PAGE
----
In our recent post about plaques in New York City that are lost or just plain wrong, we revealed one last plaque that marked the site of the first “Battle “of the Revolution. On July 4th, we thought it would be fitting to commemorate this lost spot on what is now Gold Street in downtown Manhattan.
Gold Street was named after Golden Hill, named golden bergh by the Dutch, when Manhattan was still hilly downtown. According to Robert Sullivan in his book Rats, in 1770, British soldiers attacked the unofficial leader of the colonial masses, Isaac Sears, over a marker called the Liberty Pole, which the British resented for its message of freedom-mongering. A skirmish ensued between the British and the Liberty Boys on what is now Eden’s Alley.
For historians, this first “battle” of the American Revolution is sometimes also classified as a riot, depending on whom you ask. What’s for sure is that blood was shed even though nobody died, with confirmations of slashings and beatings. Two months later, the Boston Massacre took place.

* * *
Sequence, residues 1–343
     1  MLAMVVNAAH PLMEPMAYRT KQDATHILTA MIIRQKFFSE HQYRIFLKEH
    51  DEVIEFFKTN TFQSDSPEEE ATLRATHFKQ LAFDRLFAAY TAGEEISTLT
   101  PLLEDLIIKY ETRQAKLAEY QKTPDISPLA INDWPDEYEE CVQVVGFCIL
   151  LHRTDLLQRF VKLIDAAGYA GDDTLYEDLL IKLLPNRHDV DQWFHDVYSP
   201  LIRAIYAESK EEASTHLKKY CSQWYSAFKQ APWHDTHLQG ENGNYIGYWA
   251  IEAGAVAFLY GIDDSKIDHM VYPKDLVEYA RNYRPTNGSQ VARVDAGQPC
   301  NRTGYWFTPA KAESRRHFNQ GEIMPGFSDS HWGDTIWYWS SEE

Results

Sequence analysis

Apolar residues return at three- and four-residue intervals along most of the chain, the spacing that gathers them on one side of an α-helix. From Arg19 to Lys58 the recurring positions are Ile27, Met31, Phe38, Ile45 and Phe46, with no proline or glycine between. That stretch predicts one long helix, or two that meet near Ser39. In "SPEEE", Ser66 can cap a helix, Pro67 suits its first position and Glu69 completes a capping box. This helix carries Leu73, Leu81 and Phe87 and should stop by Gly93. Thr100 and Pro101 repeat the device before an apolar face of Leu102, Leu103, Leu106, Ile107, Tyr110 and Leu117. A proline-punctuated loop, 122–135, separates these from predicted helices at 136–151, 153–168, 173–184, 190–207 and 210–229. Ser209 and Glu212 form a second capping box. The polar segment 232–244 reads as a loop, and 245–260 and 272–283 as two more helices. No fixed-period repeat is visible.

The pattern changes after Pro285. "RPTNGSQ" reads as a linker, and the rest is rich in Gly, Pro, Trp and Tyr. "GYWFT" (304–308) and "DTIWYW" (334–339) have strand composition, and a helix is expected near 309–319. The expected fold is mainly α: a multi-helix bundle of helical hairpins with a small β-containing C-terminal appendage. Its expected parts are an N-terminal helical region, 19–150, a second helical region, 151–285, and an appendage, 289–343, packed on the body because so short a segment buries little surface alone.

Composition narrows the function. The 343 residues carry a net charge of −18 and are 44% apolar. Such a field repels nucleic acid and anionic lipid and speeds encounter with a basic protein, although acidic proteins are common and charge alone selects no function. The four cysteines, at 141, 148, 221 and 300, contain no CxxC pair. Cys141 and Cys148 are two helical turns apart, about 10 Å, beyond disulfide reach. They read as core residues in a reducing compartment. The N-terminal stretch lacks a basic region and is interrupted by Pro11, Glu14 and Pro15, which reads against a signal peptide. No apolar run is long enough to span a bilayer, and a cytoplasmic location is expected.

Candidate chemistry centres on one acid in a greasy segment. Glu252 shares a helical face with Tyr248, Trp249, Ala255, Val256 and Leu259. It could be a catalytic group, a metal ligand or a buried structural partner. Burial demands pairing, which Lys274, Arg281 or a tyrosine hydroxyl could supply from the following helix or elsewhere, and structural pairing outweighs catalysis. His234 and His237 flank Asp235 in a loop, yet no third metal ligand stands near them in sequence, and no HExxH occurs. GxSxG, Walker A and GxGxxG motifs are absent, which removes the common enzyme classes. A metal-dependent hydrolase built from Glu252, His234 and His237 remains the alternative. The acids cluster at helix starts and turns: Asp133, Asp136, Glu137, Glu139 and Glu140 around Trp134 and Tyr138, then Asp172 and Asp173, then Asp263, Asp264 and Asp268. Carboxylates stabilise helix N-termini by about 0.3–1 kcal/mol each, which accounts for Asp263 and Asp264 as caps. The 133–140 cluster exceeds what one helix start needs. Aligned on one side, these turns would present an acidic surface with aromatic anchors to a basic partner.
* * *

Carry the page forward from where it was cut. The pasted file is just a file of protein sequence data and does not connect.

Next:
Around 1898, a plaque was put up on a building to commemorate the site of the Battle of Golden Hill. The building was demolished and the plaque was discovered a few blocks away in 1918, where it was no longer on the site of the battle at all. At some point after, the plaque disappeared, the building demolished, and traces of Golden Hill gradually lost both in collective memory and in the geography of Manhattan. Robert Sullivan writes in his footnotes for Rats, “I feel strongly that there should be a plaque marking Golden Hill. A plaque may not sound like much given the trend toward audiovisual and computer-driven historical tools that are ‘interactive,’ but a plaque marks a place, which is important.”
Read more about lost and incorrect plaques related to Revolutionary War figures like Nathan Hale and Alexander Hamilton.